We know that children will be gaining valuable skills and capacities as they make and share creative work; these will be just as essential when our schools and buildings re-open as they were pre-closure. The socialisation or re-socialisation of children will be important; rebuilding classroom communities; remembering how to play and talk and make together.
Many schools already recognise the role that arts experiences play in language development, communication skills, confidence and empathy. When schools re-open, getting our children involved in purposeful play, creative making and conversation will be important building blocks for recovery.
Our teacher colleagues have had to find new ways of setting and delivering lessons at the same time as fulfilling their own caring responsibilities. The arts and cultural sector has been working to support teaching professionals through online resources and ongoing partnership. The relationships that educators form with arts organisations may be different during this period, but we can continue to be a support for each other. We are also learning new digital skills that open-up new opportunities for how we work together now and when schools and buildings reopen.
One of our most important jobs now is listening to teachers and young people.
At the RSC we recently held a consultation with our Youth Advisory Board – young people aged nine to eighteen from across the English regions. We asked them about the experience of learning at home and in the main they talked of difficulties in concentrating and adjusting to the lack of routine; about a lack of motivation; a feeling of ‘what’s the point’ after exams have been cancelled; confusion about which platforms to look on to find the work being set by different teachers; a feeling of being in limbo. Out of the 17 young people on the video conference, one was thriving in the current context.
What they wanted from us was a way of out of Covid-19 through creative challenges that would give them something else to focus on and think about.
Survival of arts educators and organisations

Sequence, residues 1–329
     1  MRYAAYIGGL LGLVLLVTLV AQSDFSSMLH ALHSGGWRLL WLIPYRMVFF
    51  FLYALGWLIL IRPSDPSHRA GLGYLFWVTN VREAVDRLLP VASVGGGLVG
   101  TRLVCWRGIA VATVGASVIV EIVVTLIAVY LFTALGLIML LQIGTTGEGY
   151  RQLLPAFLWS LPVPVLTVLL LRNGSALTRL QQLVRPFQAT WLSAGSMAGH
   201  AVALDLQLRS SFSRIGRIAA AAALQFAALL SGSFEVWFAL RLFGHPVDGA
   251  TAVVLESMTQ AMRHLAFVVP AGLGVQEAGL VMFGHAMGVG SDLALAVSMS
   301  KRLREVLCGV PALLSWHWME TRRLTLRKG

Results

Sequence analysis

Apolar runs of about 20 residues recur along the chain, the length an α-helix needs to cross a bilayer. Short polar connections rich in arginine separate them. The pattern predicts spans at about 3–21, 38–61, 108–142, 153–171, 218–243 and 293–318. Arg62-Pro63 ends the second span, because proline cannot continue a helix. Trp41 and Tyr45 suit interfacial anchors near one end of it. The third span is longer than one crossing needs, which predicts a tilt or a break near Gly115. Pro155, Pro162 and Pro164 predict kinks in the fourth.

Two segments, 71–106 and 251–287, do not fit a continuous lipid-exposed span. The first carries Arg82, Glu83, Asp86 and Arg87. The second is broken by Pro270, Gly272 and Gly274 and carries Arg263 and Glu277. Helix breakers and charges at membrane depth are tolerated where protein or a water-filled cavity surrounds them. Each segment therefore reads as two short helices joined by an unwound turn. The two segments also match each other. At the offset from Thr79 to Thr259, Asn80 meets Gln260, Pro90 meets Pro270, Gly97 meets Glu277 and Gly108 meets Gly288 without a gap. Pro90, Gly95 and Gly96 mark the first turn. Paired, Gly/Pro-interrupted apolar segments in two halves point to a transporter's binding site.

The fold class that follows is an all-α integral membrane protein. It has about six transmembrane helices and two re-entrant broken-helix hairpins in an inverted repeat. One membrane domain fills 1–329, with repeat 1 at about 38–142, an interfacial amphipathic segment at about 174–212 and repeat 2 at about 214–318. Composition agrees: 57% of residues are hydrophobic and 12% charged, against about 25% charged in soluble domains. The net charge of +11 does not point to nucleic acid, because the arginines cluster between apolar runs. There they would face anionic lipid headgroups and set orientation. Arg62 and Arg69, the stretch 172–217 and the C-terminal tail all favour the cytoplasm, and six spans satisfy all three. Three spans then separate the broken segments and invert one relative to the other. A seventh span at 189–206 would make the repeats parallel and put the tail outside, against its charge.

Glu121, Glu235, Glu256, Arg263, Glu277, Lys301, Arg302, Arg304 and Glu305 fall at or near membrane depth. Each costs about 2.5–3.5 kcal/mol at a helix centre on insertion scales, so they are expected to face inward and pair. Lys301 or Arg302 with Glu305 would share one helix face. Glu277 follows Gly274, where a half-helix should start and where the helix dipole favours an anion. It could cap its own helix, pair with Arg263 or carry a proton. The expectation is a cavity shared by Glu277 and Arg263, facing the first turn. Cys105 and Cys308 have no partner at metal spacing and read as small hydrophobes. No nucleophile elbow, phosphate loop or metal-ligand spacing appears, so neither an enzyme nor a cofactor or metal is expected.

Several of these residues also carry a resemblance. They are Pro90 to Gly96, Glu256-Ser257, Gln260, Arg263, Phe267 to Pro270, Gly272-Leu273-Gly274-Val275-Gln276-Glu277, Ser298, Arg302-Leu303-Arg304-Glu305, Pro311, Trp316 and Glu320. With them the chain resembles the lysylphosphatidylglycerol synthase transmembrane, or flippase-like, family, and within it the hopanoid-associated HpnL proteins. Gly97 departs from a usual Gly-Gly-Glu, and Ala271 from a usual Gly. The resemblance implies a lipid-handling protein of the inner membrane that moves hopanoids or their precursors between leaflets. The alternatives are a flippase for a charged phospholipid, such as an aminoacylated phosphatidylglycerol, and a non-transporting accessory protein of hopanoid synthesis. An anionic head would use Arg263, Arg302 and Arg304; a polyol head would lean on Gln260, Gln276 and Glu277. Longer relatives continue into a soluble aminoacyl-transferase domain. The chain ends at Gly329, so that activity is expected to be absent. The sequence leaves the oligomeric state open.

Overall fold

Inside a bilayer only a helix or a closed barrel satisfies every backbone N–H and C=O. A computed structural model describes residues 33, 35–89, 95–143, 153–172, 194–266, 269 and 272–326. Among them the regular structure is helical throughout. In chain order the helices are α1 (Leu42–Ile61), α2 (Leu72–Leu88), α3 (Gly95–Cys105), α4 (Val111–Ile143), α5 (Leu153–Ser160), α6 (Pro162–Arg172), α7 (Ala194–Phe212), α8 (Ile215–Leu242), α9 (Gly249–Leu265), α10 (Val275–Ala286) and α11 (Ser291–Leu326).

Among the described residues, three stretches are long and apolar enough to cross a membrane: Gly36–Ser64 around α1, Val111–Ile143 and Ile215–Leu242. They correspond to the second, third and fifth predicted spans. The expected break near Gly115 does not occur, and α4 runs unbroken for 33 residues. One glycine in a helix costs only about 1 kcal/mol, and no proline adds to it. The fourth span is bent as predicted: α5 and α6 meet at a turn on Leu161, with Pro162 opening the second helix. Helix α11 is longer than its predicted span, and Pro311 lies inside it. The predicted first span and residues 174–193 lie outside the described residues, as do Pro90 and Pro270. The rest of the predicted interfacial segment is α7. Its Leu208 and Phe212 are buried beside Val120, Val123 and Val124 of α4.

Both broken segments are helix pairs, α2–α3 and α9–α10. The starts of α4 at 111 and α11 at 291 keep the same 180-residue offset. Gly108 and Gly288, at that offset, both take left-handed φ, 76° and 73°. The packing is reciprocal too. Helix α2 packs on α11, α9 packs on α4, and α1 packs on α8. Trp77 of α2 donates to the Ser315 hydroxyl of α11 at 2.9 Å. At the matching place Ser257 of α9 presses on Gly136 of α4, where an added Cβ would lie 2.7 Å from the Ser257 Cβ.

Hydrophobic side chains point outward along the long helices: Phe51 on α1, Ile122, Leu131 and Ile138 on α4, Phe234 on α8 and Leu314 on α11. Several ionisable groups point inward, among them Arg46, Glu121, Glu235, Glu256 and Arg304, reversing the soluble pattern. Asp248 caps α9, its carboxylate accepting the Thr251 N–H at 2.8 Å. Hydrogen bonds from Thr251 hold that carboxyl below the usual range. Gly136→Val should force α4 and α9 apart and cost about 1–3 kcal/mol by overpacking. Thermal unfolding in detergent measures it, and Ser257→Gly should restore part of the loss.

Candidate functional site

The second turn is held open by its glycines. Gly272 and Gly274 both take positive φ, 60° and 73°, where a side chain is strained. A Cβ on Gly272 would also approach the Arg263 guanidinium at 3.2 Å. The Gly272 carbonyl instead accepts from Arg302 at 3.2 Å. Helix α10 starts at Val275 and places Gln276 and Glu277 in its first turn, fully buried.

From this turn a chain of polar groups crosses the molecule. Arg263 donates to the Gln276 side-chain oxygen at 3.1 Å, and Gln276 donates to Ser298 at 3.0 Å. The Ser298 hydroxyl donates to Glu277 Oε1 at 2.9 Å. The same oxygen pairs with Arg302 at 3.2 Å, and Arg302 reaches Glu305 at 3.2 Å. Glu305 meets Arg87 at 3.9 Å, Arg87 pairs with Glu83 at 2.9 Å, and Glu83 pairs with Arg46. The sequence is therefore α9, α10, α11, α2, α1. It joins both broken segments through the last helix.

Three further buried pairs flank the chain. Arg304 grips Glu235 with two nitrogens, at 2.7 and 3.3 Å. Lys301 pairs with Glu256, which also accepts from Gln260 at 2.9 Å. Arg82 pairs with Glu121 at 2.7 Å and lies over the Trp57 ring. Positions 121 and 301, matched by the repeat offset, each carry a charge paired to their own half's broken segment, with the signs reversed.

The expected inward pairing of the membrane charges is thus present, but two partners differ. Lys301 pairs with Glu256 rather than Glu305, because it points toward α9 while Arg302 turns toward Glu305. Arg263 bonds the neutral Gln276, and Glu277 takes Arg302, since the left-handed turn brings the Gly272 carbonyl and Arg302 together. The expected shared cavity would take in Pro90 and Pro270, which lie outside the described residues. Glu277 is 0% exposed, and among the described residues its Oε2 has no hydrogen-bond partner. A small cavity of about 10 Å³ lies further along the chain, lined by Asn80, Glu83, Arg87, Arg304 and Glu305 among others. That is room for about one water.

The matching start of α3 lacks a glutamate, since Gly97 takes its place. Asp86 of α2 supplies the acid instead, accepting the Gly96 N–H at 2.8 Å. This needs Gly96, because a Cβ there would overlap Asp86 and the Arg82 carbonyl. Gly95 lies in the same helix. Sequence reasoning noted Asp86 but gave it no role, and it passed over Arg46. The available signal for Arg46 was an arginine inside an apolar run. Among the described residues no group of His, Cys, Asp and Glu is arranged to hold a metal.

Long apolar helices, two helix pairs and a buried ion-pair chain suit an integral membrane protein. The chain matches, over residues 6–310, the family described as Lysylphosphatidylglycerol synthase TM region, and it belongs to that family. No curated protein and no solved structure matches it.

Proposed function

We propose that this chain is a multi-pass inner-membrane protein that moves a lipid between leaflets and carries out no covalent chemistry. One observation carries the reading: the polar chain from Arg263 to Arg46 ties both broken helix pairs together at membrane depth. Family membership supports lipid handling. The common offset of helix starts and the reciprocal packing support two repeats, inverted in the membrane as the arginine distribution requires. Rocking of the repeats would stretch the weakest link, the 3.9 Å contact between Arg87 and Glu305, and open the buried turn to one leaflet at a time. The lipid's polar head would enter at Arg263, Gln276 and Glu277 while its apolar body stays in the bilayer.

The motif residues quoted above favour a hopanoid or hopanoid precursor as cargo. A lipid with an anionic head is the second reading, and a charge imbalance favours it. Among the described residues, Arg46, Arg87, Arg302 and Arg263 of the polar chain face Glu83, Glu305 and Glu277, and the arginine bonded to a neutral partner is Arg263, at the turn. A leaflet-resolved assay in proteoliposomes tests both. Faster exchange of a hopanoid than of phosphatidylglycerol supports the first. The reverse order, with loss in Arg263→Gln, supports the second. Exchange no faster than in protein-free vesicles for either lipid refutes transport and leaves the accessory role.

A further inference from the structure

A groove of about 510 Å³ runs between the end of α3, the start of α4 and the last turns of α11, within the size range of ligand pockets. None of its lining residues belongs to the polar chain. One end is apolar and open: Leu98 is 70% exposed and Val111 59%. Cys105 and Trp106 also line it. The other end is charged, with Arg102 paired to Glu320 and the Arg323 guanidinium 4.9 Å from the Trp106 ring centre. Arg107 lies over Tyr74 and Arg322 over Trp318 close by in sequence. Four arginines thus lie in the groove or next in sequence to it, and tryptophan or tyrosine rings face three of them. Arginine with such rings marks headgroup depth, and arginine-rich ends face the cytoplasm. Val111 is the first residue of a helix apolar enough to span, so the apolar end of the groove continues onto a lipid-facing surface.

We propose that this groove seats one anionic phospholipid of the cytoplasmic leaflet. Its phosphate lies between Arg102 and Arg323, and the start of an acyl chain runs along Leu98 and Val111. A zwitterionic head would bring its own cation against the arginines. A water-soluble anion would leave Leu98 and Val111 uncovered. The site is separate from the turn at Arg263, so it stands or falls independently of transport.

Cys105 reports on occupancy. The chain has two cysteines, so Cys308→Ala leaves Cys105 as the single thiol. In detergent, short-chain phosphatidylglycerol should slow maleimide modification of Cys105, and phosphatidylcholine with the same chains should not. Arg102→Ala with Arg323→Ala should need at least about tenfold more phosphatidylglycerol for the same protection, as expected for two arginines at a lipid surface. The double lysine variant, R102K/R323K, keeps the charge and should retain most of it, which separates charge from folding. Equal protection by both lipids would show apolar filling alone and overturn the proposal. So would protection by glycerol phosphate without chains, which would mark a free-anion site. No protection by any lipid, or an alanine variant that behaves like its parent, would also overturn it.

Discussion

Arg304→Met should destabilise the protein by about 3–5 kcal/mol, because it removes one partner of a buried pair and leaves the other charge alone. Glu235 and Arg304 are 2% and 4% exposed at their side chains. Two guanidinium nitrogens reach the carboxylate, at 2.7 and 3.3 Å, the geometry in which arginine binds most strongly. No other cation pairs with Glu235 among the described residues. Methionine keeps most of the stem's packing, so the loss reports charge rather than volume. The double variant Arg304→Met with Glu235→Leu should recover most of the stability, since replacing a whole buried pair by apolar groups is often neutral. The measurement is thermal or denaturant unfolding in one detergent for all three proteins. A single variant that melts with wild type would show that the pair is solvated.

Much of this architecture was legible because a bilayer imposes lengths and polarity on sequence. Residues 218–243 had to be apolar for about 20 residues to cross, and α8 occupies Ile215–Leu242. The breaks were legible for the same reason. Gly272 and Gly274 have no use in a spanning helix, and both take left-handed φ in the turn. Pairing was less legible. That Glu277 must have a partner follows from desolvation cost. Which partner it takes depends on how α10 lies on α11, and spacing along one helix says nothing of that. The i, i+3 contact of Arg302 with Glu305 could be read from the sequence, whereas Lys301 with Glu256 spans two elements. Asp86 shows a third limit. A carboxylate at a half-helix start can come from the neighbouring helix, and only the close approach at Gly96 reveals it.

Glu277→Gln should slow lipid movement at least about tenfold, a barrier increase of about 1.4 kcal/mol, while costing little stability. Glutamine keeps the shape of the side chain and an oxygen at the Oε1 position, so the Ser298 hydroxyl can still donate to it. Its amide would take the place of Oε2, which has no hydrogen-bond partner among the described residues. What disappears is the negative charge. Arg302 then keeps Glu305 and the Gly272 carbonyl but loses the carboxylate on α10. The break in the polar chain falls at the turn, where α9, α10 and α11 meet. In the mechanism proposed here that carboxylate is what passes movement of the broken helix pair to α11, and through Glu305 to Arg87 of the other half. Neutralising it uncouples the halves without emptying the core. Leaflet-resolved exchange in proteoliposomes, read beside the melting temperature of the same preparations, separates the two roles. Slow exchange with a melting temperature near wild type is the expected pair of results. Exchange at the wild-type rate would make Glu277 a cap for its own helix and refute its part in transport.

It feels clear that arts and cultural learning will be an important part of our collective recovery. But right now, there has never been a greater risk to the survival of artists and arts organisations who have traditionally worked hand-in-hand with teachers and senior leadership teams to deliver that work in schools.
Continuing collaboration between the arts, cultural and education sectors will be crucial in supporting young people in their school and wider communities and in ensuring that arts and cultural learning remain part of the discourse about the essential experiences that all young people have a right to.
We know that many colleagues in organisations are furloughed and we know that many of the freelancers who form the majority of our workforce have lost almost all of their work for now and in many cases the foreseeable future.
This is an extremely difficult time to create and sustain our trust in each other, our relationships and our partnerships, the very things that are going to enable us to survive in the months and years to come. How the CLA can support us in continuing to think and act together is something we are thinking deeply about, and we would really welcome your thoughts on ways that this can best be achieved.
Good teaching is rooted in dialogue and in asking questions we genuinely want to know the answers to. Over the coming weeks the CLA will be commissioning think pieces that respond to some of the questions that feel most pressing to us:
- What will children and teachers need when they return to school in the short and medium term? What part can arts and culture play?
- What will our most disadvantaged children need when they return to school and what role can arts and cultural learning play in supporting them?
- What is Covid-19 teaching us to do differently in arts and cultural education?
- What are some of the changes we might see in schools and in the arts and cultural sector after the Covid-19 crisis is past?
We hope these commissions will provide a mixture of solid solutions for how we can work together for the best results together with providing provocations that help us think in new ways about our response.
If you have thoughts you’d like to contribute on these questions, please send them to email@example.com and we’ll publish a selection on the CLA website.
Chair of the Cultural Learning Alliance
Director of Education, Royal Shakespeare Company
Creative Industries Policy and Evidence Centre research into how we are consuming culture at home during Covid-19